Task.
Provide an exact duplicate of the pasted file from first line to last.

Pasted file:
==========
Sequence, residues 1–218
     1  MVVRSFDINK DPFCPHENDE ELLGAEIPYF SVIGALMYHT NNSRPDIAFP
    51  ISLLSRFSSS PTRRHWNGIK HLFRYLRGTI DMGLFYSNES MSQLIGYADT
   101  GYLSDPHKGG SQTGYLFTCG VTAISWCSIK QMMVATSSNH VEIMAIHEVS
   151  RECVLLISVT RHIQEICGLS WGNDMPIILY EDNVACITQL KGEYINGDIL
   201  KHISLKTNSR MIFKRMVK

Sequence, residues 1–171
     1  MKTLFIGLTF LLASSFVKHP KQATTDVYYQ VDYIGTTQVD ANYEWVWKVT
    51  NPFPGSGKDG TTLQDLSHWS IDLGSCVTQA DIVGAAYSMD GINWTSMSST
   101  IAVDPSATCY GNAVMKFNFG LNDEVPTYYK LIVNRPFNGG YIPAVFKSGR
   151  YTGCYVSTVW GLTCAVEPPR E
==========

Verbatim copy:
Sequence, residues 1–218
     1  MVVRSFDINK DPFCPHENDE ELLGAEIPYF SVIGALMYHT NNSRPDIAFP
    51  ISLLSRFSSS PTRRHWNGIK HLFRYLRGTI DMGLFYSNES MSQLIGYADT
   101  GYLSDPHKGG SQTGYLFTCG VTAISWCSIK QMMVATSSNH VEIMAIHEVS
   151  RECVLLISVT RHIQEICGLS WGNDMPIILY EDNVACITQL KGEYINGDIL
   201  KHISLKTNSR MIFKRMVK

Sequence, residues 1–171
     1  MKTLFIGLTF LLASSFVKHP KQATTDVYYQ VDYIGTTQVD ANYEWVWKVT
    51  NPFPGSGKDG TTLQDLSHWS IDLGSCVTQA DIVGAAYSMD GINWTSMSST
   101  IAVDPSATCY GNAVMKFNFG LNDEVPTYYK LIVNRPFNGG YIPAVFKSGR
   151  YTGCYVSTVW GLTCAVEPPR E